Still changing climate is affecting the plant production in a negative way, and its impact on agriculture is currently becoming the main priority in developing countries. Agriculture resistant to climate change is the need of the moment in many parts of the world. Understanding the negative effects of climate change and their impact on growth and development of plants as well as development of strategies to counteract these effects is of great importance for sustainable agriculture, resilient to climate change. Were presents solid, climate-resistant agricultural strategies that have strong foundations in basic research. Fundamental rules are presented, compliance of which will ensure safety on the one hand (both for consumers and farmers) at the stage of raw material production and, on the other hand, will ensure the quality of raw material for further processing stages. The combination of farmers and processors in the production and marketing of safe food is aimed at ensuring the consumer safety. At present, there are foundations for the protection of limited natural resources by implementing appropriate agricultural practices with the promise of a sustainable future. The role of Resilient Agricultural Practices (RAP) focuses on seven priority areas that can broadly be divided into the following categories: (Anonymous 2017) combating pests and plant diseases; (Anonymous 2018a) control of cross-border animal diseases (TAD); (Anonymous 2018b) food security and information systems about natural resources, disaster risk management, and policy development; (Asian Farmers’ Association for Sustainable Rural Development (AFA) 2015) generating new jobs and employment in rural and suburban areas; (Barbaś and Sawicka 2016) agricultural production; (Barrett et al. 2010) management of natural resources; and (Batterbury and Ndi 2018) food safety and nutrition.
Achieving food security, sustainable development, and resilience through the use of genetic diversity and indigenous knowledge.
Preserving the genetic diversity of seeds, arable crops, farmed and domesticated animals, and their related wild species, grazing, fishery, or forest resources.
Getting more support for the innovations and practices of the natives, so as not to lose the genetic diversity and knowledge they possess, with the same priority for preserving and improving the resistance of local ecotypes, species, and varieties, through the community, seed banks, community-managed landscapes, active plant breeding, and market links for traditional products.
Increasing the productivity of crop species and animals, especially in marginal areas already affected by climate change, without causing loss of genetic diversity for future generations. Local species and varieties are often more resistant to drought and pests than their modern counterparts, as well as more valuable and more nutritious.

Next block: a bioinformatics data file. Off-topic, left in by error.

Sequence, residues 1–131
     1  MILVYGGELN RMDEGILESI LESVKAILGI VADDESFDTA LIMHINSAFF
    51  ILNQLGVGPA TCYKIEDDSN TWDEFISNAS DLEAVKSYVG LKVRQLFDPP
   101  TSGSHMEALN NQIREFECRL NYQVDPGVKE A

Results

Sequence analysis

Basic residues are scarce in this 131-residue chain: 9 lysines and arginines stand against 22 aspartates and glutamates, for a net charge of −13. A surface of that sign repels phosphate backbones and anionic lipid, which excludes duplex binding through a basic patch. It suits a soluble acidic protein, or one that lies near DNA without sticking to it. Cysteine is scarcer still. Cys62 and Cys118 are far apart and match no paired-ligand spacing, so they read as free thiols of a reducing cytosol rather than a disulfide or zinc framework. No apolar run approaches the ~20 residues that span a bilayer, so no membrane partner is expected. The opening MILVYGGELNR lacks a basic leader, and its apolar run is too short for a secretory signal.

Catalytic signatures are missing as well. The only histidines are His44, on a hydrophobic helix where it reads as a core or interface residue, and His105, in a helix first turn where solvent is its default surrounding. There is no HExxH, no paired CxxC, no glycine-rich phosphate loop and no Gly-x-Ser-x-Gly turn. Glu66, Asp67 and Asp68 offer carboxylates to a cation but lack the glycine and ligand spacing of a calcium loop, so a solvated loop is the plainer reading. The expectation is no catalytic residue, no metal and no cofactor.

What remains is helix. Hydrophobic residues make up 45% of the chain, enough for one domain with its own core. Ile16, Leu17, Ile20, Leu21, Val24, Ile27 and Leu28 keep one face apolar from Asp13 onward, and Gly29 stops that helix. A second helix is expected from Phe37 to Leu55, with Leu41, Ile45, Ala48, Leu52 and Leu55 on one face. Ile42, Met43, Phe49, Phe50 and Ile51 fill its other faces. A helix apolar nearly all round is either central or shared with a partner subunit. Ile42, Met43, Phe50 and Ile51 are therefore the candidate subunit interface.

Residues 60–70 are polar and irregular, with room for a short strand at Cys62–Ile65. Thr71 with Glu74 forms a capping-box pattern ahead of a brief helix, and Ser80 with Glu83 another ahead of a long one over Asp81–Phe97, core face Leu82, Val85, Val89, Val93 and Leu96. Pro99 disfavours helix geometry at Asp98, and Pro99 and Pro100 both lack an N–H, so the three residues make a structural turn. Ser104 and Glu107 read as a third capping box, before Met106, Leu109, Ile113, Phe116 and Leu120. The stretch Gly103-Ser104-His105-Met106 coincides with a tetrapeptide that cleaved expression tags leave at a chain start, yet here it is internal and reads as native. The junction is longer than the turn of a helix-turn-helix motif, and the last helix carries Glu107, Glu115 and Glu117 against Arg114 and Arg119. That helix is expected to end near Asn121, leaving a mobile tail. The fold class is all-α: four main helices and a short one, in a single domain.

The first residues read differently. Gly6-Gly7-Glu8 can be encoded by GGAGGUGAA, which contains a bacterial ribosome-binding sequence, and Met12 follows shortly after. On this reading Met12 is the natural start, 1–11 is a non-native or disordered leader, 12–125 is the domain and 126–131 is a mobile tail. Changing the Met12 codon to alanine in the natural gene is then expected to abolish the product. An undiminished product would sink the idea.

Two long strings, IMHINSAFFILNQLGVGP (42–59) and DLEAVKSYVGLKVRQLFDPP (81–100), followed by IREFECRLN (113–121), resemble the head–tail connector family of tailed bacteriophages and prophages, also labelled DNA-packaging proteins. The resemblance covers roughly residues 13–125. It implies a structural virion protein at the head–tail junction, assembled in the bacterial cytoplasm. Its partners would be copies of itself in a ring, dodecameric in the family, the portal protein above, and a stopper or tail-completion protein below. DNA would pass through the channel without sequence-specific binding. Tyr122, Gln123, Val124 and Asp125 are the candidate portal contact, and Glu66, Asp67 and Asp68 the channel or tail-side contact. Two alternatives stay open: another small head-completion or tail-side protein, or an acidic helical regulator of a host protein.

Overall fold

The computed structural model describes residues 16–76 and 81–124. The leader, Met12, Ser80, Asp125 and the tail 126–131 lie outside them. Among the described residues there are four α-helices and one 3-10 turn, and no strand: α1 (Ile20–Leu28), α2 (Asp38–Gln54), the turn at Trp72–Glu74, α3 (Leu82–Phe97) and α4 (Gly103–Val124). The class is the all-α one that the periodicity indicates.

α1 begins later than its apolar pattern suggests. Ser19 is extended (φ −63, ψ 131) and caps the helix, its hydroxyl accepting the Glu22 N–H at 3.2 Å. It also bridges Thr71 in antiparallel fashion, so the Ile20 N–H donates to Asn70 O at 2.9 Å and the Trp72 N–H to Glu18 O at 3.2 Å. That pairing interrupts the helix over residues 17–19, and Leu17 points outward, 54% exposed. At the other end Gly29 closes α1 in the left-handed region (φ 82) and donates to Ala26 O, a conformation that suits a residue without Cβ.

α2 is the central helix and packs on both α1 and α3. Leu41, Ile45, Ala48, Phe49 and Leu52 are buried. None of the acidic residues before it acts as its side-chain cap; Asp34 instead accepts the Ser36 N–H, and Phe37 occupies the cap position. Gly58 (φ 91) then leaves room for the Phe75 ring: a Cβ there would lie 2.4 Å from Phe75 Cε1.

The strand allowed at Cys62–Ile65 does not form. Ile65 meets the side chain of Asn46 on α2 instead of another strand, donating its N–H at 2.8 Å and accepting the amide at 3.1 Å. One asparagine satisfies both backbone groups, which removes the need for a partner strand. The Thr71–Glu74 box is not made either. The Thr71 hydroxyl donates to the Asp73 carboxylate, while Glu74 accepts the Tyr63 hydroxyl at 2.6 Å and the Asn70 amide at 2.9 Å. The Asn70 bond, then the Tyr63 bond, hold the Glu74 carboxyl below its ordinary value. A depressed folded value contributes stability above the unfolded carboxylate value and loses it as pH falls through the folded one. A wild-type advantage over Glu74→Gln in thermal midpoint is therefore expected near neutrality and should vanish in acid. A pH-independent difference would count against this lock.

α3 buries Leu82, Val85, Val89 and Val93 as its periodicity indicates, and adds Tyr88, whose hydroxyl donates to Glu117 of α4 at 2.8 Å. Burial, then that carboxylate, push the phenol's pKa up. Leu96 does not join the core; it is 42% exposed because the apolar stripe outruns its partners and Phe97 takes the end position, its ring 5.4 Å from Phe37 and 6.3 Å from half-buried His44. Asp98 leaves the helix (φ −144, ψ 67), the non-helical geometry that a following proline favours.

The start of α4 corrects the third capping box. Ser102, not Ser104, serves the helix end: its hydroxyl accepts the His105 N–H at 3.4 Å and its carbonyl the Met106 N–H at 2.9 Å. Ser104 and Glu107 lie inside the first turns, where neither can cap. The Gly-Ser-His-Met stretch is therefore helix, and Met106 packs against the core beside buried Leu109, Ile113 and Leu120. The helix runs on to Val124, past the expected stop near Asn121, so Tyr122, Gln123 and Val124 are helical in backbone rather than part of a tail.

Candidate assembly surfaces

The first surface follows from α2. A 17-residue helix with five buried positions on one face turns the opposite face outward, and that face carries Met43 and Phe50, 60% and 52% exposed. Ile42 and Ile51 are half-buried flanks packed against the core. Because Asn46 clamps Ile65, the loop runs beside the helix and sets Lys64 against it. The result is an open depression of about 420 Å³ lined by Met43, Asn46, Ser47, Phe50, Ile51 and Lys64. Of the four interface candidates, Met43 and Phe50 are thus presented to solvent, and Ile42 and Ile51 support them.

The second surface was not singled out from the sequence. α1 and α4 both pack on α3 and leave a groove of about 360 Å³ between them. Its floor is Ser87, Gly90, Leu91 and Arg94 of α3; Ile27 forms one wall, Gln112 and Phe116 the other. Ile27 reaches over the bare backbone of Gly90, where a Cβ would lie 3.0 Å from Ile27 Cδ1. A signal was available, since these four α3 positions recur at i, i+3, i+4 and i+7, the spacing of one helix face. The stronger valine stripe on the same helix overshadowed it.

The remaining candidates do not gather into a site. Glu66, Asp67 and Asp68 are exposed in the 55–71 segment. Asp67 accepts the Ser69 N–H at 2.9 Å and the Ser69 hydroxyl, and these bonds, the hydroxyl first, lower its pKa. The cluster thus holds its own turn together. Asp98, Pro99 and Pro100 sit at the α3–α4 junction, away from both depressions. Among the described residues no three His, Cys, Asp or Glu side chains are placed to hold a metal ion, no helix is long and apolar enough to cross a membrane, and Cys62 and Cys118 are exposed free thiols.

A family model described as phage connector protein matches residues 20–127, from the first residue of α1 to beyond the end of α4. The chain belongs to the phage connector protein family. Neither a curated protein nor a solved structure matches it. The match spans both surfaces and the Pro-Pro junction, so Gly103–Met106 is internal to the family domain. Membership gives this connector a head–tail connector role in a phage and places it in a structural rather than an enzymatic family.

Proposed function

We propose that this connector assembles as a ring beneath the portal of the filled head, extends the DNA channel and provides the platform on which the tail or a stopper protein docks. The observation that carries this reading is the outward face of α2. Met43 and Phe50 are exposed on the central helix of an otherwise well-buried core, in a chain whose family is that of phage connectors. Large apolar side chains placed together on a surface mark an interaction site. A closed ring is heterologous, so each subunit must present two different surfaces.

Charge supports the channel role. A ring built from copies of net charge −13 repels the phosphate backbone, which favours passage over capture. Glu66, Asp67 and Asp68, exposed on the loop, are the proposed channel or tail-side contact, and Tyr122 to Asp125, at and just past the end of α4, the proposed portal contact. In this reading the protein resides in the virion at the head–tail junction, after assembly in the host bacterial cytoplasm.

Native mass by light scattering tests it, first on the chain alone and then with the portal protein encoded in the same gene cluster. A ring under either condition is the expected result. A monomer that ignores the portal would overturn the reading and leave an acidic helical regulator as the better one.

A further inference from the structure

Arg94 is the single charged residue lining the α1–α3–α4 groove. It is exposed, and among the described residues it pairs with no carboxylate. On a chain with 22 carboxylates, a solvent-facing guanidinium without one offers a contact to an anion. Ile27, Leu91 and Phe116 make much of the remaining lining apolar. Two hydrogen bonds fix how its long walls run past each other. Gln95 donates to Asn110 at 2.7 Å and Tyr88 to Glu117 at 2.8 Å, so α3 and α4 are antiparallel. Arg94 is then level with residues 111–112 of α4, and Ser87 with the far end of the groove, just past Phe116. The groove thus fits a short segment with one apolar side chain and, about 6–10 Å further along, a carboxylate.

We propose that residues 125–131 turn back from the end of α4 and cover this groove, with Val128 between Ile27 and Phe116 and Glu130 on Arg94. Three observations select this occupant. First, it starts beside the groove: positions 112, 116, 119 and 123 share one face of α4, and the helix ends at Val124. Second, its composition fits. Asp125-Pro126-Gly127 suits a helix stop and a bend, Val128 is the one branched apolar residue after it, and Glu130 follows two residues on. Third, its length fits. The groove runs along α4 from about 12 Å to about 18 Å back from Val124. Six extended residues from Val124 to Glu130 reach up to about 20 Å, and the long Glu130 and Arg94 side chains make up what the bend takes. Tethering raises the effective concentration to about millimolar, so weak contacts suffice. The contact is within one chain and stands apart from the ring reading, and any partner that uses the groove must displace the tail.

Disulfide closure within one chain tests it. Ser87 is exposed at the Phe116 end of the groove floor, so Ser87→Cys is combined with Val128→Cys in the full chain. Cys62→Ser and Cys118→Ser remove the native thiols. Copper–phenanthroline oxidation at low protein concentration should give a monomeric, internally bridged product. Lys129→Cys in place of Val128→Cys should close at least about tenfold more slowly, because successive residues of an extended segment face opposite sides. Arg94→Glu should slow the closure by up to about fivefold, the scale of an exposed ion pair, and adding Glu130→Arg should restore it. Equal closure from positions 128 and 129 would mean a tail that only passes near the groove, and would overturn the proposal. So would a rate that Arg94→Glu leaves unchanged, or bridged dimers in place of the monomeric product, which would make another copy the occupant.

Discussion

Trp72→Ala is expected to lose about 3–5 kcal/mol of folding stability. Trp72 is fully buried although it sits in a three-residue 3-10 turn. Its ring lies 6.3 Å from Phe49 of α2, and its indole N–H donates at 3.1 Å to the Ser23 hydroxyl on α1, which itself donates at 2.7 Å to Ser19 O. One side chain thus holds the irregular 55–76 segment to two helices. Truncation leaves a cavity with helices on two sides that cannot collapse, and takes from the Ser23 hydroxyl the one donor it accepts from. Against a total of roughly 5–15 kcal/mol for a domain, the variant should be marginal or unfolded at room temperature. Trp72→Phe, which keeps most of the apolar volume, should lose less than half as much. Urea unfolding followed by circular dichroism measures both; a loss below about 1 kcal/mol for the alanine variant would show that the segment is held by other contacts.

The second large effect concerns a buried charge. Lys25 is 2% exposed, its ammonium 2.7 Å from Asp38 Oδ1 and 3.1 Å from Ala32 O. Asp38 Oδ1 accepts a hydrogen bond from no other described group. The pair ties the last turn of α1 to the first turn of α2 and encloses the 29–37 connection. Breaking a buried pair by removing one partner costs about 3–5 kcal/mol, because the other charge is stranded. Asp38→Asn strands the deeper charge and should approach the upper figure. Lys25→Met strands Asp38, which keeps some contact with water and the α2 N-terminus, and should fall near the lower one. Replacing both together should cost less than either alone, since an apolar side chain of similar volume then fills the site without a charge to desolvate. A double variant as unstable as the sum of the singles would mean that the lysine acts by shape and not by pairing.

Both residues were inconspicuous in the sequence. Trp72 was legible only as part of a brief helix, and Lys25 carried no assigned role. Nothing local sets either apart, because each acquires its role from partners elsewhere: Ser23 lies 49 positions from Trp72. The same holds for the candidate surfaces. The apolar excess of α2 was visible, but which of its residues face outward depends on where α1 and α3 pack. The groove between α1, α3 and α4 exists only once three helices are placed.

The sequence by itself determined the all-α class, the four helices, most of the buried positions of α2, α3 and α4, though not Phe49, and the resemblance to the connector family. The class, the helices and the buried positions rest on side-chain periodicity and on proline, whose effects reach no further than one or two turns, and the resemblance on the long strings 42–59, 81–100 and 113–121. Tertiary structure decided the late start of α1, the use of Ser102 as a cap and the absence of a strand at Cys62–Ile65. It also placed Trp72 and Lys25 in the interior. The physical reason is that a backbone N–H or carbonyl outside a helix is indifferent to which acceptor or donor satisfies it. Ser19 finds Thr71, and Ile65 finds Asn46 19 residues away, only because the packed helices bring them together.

Ensuring sustainable production and implementation of resilient farming practices to help maintain ecosystems, strengthen adaptability to climate change and extreme events, and improve the quality of arable land and undeveloped agricultural soils.
Risk diversification and management. Many farmers, in developing countries, have started cultivating different varieties of the same species together, including resistant local varieties, to reduce the risk of crop failure. In Kenya, hybrid, improved, and traditional varieties of corn and manioc were planted, which reduced the yield decrease. Domesticated wild and medicinal trees were tamed to mitigate climate change and increase their income.
Soil and water protection. In the Potato Park, micro-water tanks that combine traditional technology of obtaining water (aruna) with modern materials and techniques ensure the availability of water for irrigation and consumption. New composting techniques have improved soil fertility and humidity, resulting in higher yields and efficient water use. Reintroduction of traditional cultivation and fertilization techniques to reduce soil erosion. Restoring traditional intercrop crops to improve soil fertility and composition.
Aerating the soil by plowing and adding manure, which increases its ability to retain water. Planting trees with nitrogen binding in food crops, which improves soil fertility and increases crop production.
Natural pest control. Traditional techniques combining, e.g., organic cultivation of rice with the production of ducks and fish provide natural pest control. Reintroduction of traditional biopesticides using herbs and chili.
As a result of developing the high technologies in agriculture, forestry, and fisheries, most countries in the world began to pay more attention to reliability in food production and food consumption safety (Global Forest Watch 2017). For this reason, many initiatives have been carried out in an international context. The CRA practices provide an opportunity to meet the challenges of climate change as well as economic growth and development of the agricultural sector. The most important goal of CRA is to mitigate the effects of climate change. Many technologies and approaches around the world involve CRA. The application of stress-tolerant varieties (flood, salting, drought, tolerance to high or low temperatures), as well as water collection technologies (small water retention projects, wetting and drying, drip irrigation) and integrated crop management (e.g., against pests (IPPM), specific management of nutrients). The word “resilience” is used very often. It is expected that one should retrospectively understand the dynamics of sustainable development in various agricultural systems and decision-makers should actively identify differentiated features, i.e., strategies for increasing the resilience in farming systems, depending on the risk associated with available natural resources.
- Anonymous (2017) Building resilient agricultural systems through farmer field schools. Integrated Production and Pest Management Programme (IPPM). http://www.fao.org/3/a-i4411e.pdf